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Taxing Executive Bonuses Paid by Companies Receiving TARP Assistance

Floor Speech

By:
Date:
Location: Washington, DC

TAXING EXECUTIVE BONUSES PAID BY COMPANIES RECEIVING TARP ASSISTANCE

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Mr. HARE. I thank the chairman.

Mr. Speaker, today we have been told to slow down, take a deep breath. Well, I'm not in the mood for slowing down and I'm not taking a deep breath.

I was in a grocery store and had people coming up, saying, What are you going to do about it?

My friends on the other side have spent the largest portion of the debate today finger-pointing, wondering who said what; who wrote what, when. I do know this. When this vote is called, that board will have red lights and green lights next to every Members' name. And the chairman is absolutely right--for those Members who feel that they cannot and don't want to make sure that these people get their bonuses, they will vote for Mr. Rangel's bill. For those of you who want to continue to dole it out to the people who deserve it the least, then you're going to have a red light next to it.

I will have a green light next to my name. I am tired of this. These people have stolen the very money that is supposed to help keep people in their homes.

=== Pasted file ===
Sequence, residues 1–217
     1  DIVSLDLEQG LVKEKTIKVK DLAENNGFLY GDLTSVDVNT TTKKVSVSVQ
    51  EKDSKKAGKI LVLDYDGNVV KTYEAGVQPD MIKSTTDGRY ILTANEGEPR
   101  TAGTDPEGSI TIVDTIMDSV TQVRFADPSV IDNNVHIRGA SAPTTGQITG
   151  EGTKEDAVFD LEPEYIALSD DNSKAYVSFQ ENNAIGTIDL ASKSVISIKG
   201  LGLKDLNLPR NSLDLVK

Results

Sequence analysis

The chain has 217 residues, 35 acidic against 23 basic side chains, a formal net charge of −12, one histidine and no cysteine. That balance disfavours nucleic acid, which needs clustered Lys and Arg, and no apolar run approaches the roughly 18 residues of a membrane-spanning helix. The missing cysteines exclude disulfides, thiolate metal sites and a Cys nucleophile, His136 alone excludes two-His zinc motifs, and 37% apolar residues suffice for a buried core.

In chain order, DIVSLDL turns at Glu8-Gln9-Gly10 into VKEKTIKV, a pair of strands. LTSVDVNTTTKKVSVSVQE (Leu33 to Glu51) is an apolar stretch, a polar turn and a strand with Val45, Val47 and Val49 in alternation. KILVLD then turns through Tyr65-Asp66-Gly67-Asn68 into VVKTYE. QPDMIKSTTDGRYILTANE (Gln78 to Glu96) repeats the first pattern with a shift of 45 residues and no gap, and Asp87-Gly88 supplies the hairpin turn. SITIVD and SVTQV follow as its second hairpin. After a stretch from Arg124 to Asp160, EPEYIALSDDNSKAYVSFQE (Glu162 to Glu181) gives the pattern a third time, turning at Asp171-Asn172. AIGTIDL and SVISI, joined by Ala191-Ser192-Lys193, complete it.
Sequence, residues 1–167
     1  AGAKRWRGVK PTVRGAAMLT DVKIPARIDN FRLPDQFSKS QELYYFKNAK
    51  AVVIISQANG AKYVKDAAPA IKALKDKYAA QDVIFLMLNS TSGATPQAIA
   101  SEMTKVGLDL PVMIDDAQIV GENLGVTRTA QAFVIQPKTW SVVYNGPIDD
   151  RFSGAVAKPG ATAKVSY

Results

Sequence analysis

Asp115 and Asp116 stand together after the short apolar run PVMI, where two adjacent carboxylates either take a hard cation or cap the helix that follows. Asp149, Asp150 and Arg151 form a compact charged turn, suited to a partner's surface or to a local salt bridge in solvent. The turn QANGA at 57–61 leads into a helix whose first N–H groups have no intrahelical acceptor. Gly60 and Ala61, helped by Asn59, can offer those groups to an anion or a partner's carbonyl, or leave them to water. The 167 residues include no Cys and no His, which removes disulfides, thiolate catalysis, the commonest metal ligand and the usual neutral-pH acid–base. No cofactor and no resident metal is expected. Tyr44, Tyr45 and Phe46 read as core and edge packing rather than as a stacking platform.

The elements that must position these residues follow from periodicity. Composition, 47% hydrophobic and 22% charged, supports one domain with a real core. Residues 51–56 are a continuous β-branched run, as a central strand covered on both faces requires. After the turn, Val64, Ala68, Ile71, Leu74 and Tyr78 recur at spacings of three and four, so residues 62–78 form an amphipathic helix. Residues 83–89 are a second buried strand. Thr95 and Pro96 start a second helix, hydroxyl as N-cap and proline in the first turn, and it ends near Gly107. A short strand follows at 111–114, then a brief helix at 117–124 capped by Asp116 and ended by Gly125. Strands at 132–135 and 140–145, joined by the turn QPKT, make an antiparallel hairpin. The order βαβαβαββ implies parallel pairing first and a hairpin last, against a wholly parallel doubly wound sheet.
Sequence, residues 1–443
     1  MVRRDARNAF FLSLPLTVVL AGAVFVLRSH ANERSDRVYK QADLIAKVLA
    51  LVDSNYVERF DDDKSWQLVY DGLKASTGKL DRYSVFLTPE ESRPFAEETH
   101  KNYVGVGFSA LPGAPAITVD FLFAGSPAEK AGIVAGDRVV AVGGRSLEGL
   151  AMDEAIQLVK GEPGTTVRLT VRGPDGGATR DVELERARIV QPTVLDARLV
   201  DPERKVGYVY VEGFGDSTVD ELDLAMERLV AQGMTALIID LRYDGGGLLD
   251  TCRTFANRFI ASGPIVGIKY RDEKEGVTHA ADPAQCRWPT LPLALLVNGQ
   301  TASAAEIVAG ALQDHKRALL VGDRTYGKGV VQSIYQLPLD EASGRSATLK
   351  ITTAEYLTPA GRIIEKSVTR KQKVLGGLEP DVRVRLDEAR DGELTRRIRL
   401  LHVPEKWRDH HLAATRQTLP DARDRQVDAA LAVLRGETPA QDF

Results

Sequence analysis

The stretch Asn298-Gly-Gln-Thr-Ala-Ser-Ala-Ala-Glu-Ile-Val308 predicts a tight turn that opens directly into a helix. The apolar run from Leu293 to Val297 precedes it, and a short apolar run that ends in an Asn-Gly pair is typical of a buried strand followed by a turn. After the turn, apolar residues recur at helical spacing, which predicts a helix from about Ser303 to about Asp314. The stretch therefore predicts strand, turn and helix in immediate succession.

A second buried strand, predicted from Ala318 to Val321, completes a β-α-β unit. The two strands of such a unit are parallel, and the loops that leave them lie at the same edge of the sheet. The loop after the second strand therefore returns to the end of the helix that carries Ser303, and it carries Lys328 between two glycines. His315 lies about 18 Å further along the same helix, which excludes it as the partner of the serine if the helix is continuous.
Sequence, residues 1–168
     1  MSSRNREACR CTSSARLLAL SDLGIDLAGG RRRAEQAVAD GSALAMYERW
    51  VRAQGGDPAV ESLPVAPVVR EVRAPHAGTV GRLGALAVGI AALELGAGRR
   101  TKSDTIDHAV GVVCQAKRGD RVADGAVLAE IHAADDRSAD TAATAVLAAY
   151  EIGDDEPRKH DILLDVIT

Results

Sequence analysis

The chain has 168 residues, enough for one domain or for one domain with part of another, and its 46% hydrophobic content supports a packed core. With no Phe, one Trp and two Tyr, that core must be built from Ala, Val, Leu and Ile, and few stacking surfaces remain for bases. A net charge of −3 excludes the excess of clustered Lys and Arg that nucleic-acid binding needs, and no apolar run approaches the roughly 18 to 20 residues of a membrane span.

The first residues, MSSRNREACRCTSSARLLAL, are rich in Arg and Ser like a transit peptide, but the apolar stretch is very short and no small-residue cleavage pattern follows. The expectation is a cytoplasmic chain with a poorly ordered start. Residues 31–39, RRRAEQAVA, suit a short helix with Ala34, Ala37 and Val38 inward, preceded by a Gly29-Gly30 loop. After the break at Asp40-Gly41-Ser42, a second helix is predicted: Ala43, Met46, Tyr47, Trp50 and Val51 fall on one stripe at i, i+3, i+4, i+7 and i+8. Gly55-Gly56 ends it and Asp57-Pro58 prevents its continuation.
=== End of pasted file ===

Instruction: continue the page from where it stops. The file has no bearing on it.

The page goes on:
Don't ask me to slow down and don't ask me to be patient. My patience has run out.

I thank the chairman for his work on this bill. And if anybody wants to worry about the constitutionality, you take it up with the court.

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Mr. HARE. Mr. Speaker, I rise today in strong support of H.R. 1586 to pose an additional tax on bonuses received from TARP recipients. Like my constituents, I am frustrated and angry that the American International Group (AIG) paid $165 million in bonuses after we have given them billions of hard-earned taxpayer dollars. Clearly, the `G' in AIG stands for greed.

It is outrageous that taxpayers are subsidizing bonuses as much as $6.5 million at a time when working families are struggling to make ends meet. I am reminded of the saying: 'Fool me once, shame on you. Fool me twice, shame on me.' I wholeheartedly opposed the decision to pour an additional $30 billion into AIG earlier this month given the company's record. AIG is a company that spent $440,000 on a luxury retreat less than a week after receiving its first federal bailout. To make matters worse, the company then spent $86,000 on an English hunting trip. Enough is enough.

I support any and all legal efforts to recoup this money, and protect working families in this difficult economy.

I urge all my colleagues to vote yes on H.R. 1586 and tell the American people that this Congress is fed up with corporate abuses of the Troubled Asset Relief Program and we will do everything in our power to be better stewards of taxpayer money.

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